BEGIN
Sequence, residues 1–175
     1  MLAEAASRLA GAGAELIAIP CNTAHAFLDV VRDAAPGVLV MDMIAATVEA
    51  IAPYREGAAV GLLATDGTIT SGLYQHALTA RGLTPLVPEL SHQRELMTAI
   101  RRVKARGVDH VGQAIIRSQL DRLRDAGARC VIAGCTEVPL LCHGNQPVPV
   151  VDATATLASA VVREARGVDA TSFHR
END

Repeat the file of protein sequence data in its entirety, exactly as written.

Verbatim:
Sequence, residues 1–175
     1  MLAEAASRLA GAGAELIAIP CNTAHAFLDV VRDAAPGVLV MDMIAATVEA
    51  IAPYREGAAV GLLATDGTIT SGLYQHALTA RGLTPLVPEL SHQRELMTAI
   101  RRVKARGVDH VGQAIIRSQL DRLRDAGARC VIAGCTEVPL LCHGNQPVPV
   151  VDATATLASA VVREARGVDA TSFHR